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Preventative Care for Dogs and Cats

Preventative Care for Dogs and Cats

Regular exams, heartworm, flea, and tick prevention will help keep your pet as healthy as possible.

Mixed Pet Veterinary Hospital’s primary mission is to keep your pet as healthy as possible. One of the simplest ways to achieve this is with preventative care. Many people are used to visiting their own doctor for yearly examinations; however, we have the advantage of being able to speak when something is bothering us so we might have to go in to see the doctor more frequently when issues arise. Pets of course cannot be as direct as humans so they rely on their owner to pick up on clues if they are not feeling well. This may be as obvious as when you are awakened in the middle of the night to the sounds of vomiting or discovering a bout of diarrhea that happened on your best rug. Conversely, other signs may not be apparent or showing at all and our veterinarians will discover them during your pet’s wellness exam. Pets do age faster than humans, so going a full year between veterinary wellness visits is typically too long. At Mixed Pet, we like to see patients every 6 months since so much can change over an entire year.

Biannual Exams

Many diseases, when detected early, can either be resolved completely or treatment can be started – which can provide a better long-term prognosis, keep the pet comfortable and reduce your overall medical expenses. It’s a win, win, win for you and your pet!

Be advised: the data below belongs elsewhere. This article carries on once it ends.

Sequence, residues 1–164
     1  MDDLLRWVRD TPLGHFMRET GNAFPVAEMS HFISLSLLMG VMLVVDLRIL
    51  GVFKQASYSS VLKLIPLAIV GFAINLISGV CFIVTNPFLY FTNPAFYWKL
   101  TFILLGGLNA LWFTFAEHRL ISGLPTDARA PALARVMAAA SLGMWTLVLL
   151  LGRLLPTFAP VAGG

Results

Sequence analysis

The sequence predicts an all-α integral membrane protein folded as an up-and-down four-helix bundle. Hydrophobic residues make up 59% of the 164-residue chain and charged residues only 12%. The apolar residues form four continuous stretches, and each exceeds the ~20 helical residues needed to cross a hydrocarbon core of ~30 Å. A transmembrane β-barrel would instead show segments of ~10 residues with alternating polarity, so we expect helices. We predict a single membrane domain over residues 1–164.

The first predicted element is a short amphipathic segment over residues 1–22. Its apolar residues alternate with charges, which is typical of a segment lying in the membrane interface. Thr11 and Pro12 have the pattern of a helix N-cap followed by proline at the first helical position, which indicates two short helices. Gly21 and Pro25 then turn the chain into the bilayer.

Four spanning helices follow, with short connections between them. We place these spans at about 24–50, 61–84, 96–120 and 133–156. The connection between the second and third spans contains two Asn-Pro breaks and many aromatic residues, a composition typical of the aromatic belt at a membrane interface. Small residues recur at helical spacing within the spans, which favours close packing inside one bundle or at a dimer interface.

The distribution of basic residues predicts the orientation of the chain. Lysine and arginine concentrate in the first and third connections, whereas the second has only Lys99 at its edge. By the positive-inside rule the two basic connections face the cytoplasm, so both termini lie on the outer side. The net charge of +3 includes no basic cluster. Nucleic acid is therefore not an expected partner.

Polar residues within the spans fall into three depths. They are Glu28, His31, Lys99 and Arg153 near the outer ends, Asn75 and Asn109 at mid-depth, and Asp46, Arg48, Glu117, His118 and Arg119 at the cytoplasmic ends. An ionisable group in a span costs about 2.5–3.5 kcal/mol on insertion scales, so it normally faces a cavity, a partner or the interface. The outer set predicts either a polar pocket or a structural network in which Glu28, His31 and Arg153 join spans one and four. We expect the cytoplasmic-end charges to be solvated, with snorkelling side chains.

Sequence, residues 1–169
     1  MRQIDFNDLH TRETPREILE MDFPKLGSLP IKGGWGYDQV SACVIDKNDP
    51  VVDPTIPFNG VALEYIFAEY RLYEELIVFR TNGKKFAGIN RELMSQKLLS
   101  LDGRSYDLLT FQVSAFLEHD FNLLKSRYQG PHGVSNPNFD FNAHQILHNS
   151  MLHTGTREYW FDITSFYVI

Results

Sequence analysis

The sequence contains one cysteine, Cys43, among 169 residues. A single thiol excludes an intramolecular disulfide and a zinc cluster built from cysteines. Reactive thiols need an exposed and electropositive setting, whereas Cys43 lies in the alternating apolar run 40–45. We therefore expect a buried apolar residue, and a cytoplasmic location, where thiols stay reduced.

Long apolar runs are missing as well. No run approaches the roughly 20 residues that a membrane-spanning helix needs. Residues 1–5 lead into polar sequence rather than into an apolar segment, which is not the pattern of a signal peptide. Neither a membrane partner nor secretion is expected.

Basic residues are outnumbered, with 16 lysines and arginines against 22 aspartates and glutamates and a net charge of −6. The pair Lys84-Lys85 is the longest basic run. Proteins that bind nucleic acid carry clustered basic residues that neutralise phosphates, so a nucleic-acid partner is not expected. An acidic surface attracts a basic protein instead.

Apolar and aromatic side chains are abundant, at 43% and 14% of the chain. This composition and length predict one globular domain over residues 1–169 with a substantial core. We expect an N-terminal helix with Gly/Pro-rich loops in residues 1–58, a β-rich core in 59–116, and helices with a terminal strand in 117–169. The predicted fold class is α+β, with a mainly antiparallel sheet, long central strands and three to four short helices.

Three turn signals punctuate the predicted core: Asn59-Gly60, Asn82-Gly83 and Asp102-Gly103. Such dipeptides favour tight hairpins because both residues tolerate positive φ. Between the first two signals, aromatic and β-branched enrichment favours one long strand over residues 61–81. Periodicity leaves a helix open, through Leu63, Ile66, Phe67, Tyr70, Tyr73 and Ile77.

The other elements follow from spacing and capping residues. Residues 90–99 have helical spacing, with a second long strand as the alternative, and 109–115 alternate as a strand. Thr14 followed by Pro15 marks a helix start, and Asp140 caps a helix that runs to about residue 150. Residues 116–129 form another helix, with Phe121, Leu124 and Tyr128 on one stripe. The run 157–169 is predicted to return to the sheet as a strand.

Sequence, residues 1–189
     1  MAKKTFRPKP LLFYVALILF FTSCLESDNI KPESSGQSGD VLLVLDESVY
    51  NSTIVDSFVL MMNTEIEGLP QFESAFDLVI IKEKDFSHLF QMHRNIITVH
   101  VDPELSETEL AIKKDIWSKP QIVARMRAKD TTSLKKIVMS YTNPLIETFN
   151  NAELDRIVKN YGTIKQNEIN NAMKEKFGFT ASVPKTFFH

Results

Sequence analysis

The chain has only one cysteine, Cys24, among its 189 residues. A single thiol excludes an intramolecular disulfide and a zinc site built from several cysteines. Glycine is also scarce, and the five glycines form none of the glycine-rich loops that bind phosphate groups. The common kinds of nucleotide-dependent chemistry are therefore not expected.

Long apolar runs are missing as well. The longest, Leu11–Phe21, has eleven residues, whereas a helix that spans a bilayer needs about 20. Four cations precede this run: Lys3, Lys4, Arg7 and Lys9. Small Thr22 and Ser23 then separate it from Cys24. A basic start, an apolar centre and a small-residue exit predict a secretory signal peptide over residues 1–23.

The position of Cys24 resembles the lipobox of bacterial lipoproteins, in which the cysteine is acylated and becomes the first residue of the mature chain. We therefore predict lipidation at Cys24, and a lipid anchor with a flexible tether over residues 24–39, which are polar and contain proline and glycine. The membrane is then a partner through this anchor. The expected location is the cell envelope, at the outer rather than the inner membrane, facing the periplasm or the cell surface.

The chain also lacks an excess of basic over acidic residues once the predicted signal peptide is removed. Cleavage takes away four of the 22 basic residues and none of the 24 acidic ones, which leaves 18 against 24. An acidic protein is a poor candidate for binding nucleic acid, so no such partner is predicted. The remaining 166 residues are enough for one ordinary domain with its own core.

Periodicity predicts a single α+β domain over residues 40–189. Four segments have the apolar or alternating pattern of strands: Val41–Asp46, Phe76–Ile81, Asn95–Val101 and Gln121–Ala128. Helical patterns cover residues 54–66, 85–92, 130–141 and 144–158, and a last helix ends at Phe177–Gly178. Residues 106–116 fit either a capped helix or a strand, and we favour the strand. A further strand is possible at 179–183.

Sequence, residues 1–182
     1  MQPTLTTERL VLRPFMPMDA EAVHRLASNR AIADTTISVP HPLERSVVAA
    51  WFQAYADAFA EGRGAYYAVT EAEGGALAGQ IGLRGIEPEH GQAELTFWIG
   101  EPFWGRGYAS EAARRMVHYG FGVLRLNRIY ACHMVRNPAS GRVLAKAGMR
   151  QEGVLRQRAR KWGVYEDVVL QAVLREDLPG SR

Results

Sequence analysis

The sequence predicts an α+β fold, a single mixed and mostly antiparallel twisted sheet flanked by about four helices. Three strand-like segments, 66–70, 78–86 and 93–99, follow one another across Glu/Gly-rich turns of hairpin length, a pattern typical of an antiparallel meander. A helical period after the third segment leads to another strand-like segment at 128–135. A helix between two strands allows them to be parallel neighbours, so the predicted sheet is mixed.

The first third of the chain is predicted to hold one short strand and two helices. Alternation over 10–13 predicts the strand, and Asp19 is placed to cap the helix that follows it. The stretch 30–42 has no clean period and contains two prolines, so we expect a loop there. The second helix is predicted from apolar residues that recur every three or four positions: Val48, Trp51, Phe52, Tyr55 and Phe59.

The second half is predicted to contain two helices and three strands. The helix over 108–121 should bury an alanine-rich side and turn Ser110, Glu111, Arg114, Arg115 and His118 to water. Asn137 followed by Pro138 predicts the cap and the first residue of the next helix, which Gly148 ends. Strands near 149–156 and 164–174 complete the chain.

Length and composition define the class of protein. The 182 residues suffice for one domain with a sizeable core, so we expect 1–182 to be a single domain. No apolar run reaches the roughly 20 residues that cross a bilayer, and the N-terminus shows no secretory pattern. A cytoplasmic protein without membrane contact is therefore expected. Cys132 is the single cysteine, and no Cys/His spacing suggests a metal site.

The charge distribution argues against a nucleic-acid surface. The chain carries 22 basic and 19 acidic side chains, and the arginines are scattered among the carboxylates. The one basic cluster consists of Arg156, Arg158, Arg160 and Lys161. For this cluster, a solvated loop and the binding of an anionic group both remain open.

During biannual wellness visits, each pet receives an exam starting from the nose and working back towards the tail. At Mixed Pet, we look into the eyes (we can see indications of cataracts which can result from various diseases and even signs of hypertension), ear exam (many pets have subclinical ear infections where they don’t give you any signs and you cannot see into the ear canal at home, we even see ticks down in the canals!), oral examination for periodontal disease, assessment of lymph nodes in various locations (can be consistent with infection, sometimes cancer), we listen to heart and lungs (we can pick up on murmurs), abdominal palpation, assess skin and coat to include the paws, and look at the nails. If your pet is an intact female giving a thorough breast exam of the mammary tissue is warranted as they have a higher chance of breast cancer, an intact male warrants a rectal exam to check the prostate (higher risk of prostate cancer) and in both males/females, rectal exam can pick up on early forms of cancer that occur in the anal glands. We also look at body condition as many pets continue to gain weight, which can complicate issues of arthritis and/or other orthopedic concerns. Whew – when was the last time you had all that looked over at just one doctor’s visit?